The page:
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Risk Of Dying From Major Diseases Rises With Prolonged TV Viewing

A study published recently by the American Journal of Preventive Medicine has linked TV viewing to a greater risk of dying from eight out of 14 of the leading causes of death in the United States. These include coronary heart disease, cancer, COPD, diabetes, influenza, pneumonia, Parkinson’s disease, liver disease, and suicide.

The researchers, headed by Dr. Sarah K. Keadle of the National Cancer Institute, controlled for confounding factors which could be partly responsible for the results, such as BMI, caloric and alcohol intake, smoking, overall health status, and so on, but the association between prolonged TV viewing and increased mortality remained. The association was even detected in those who were physically active on a regular basis, reports Forbes.

We know that television viewing is the most prevalent leisure-time sedentary behavior, and our working hypothesis is that it is an indicator of overall physical inactivity.

“Although we found that exercise did not fully eliminate risks associated with prolonged television viewing, certainly for those who want to reduce their sedentary television viewing, exercise should be the first choice to replace that previously inactive time,” says Keadle.

The study followed 221,000 healthy, disease-free adults between the ages of 50-71. The health of each adult was tracked from 1995 until their death or until December 31, 2011 — whichever came first. Risk of death from the eight diseases previously mentioned began to increase with three to four hours of TV viewing per day. Those who watched seven or more hours of television per day showed a 47% increase in mortality associated with the eight diseases.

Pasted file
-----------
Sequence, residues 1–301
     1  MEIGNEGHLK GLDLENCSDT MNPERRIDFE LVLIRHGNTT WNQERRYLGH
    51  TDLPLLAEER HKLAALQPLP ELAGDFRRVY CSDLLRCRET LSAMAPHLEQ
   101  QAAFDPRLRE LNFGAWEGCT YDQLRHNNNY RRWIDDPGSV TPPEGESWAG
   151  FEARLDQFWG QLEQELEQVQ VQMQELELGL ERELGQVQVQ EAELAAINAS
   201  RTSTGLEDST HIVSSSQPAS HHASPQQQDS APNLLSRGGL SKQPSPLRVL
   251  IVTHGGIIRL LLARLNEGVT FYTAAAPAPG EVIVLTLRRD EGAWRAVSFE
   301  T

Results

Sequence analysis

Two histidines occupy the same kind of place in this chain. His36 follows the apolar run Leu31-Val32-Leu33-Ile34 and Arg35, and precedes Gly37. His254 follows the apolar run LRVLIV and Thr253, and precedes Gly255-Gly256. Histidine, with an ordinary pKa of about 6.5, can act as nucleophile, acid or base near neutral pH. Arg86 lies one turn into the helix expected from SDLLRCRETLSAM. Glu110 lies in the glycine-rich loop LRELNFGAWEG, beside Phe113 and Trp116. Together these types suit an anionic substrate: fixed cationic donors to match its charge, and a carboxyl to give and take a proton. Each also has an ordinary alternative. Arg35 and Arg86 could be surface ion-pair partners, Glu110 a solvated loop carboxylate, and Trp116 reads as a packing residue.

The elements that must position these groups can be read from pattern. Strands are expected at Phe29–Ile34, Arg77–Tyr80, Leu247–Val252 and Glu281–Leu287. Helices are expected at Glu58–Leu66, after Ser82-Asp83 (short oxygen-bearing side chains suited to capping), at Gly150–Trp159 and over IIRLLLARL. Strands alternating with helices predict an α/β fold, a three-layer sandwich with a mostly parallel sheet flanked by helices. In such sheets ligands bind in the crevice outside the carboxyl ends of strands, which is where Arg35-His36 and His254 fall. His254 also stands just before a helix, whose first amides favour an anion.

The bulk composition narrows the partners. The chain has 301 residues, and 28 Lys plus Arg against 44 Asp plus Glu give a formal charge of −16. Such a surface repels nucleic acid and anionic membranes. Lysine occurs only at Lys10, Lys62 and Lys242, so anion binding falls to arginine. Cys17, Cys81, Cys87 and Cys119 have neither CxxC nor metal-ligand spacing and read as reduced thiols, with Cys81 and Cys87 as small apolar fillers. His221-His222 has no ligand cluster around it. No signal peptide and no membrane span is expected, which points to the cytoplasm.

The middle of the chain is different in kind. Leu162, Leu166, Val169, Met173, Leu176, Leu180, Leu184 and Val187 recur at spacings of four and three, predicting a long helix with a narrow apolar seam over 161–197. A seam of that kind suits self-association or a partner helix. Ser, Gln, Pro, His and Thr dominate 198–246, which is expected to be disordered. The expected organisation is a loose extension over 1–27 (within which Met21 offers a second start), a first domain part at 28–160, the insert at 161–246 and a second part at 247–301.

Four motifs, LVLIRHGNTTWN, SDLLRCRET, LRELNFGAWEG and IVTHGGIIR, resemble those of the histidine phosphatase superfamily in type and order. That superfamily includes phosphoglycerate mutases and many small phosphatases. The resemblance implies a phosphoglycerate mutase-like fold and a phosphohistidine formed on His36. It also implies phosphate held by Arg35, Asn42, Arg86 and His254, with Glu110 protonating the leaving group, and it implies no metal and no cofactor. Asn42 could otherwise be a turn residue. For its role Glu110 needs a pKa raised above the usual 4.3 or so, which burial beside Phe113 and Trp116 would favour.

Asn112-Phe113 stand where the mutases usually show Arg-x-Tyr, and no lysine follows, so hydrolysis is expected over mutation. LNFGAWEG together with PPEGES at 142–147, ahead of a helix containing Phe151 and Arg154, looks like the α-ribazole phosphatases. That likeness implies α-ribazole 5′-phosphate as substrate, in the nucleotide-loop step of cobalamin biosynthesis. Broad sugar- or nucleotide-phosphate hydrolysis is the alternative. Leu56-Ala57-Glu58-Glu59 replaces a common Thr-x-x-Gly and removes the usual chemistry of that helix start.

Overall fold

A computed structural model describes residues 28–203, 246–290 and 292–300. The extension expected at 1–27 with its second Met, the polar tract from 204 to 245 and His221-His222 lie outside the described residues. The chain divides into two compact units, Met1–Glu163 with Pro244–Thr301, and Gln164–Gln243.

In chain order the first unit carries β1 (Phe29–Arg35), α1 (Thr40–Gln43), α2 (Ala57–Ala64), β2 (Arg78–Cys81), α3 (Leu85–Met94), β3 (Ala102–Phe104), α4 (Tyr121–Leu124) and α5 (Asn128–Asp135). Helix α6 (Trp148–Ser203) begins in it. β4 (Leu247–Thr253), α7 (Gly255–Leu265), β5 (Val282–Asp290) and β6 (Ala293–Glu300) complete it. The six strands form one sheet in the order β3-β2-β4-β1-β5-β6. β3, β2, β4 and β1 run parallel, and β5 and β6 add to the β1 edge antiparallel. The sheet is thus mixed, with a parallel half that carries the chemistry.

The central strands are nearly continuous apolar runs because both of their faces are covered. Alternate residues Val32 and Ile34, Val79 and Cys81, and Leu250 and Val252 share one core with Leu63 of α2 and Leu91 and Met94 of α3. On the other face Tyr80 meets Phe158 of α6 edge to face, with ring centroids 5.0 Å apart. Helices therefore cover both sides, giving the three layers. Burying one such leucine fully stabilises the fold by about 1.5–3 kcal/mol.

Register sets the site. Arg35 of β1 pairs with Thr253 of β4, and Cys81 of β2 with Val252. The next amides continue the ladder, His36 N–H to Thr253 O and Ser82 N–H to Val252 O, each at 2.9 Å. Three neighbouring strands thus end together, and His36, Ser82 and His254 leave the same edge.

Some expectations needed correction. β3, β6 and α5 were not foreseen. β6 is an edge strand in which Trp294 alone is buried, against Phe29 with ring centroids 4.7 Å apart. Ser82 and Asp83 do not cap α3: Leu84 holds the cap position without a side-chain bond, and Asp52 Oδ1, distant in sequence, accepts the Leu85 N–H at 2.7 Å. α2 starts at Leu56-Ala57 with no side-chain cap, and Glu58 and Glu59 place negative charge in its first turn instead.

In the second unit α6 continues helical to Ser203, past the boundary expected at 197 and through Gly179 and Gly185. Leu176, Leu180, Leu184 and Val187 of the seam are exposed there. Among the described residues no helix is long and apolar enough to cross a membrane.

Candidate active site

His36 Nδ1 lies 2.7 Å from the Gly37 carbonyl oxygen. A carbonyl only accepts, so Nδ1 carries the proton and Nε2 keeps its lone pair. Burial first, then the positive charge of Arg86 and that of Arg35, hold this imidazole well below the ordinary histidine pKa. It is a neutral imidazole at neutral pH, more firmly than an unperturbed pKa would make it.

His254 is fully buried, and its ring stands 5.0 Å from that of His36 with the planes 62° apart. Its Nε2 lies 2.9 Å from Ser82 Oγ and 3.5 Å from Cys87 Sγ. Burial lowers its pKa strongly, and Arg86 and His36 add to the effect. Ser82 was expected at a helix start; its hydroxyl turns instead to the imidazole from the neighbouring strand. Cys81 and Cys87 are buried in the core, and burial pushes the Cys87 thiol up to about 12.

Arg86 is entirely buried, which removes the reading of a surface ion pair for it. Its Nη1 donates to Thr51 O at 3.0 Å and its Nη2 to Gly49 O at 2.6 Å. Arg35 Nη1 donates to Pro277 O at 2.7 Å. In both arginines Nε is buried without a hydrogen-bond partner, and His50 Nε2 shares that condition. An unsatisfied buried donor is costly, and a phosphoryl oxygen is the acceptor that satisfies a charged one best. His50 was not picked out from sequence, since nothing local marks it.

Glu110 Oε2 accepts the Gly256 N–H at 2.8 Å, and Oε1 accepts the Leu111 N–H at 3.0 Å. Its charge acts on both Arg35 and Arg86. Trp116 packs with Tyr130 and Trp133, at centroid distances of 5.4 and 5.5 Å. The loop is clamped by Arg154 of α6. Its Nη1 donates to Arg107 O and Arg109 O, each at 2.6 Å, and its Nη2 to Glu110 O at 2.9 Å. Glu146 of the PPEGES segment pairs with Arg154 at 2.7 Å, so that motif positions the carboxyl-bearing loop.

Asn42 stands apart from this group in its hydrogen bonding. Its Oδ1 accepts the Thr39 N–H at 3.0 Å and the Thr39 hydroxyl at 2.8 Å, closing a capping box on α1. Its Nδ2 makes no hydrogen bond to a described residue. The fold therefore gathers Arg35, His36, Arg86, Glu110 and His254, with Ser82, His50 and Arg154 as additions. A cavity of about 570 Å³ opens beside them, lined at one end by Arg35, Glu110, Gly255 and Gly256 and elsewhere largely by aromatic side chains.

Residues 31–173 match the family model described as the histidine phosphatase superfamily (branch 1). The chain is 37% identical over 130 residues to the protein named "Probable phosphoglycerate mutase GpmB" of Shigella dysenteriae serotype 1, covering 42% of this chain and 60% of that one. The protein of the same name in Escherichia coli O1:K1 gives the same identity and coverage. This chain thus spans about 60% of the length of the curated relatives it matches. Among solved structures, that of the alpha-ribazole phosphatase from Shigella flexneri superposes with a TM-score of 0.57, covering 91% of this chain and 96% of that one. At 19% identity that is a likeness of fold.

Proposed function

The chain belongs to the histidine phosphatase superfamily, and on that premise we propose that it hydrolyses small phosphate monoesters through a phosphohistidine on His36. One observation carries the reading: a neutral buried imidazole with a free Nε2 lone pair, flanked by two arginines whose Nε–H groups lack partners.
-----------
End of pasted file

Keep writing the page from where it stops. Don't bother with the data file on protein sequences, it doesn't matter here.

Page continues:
“We know that television viewing is the most prevalent leisure-time sedentary behavior, and our working hypothesis is that it is an indicator of overall physical inactivity,” says Keadle. “In this context, our results fit within a growing body of research indicating that too much sitting can have many different adverse health effects.”

More research is needed, especially since past studies, as mentioned in Medical News Today, have shown no significant deleterious effects of prolonged TV viewing. All told, the majority of research on the subject shows clear links between a sedentary lifestyle and increased mortality. Previous studies have shown that prolonged TV viewing is linked with increased risk of dying from cancer and cardiovascular disease. The research done by Keadle and her team confirms these links, and adds new ones.

Some mechanisms behind the connection between prolonged TV viewing and poor health may include changes in insulin levels, an increase in inflammatory markers, poor overall cardiovascular and respiratory health, and poor muscle strength. These factors could play a role in being unable to withstand age-related health problems, though more research is needed to shed light on the exact causes.

The study concludes: 
”Older adults watch the most TV of any demographic group in the US. Given the increasing age of the population, the high prevalence of TV viewing in leisure time, and the broad range of mortality outcomes for which risk appears to be increased, prolonged TV viewing may be a more important target for public health intervention than previously recognized.”

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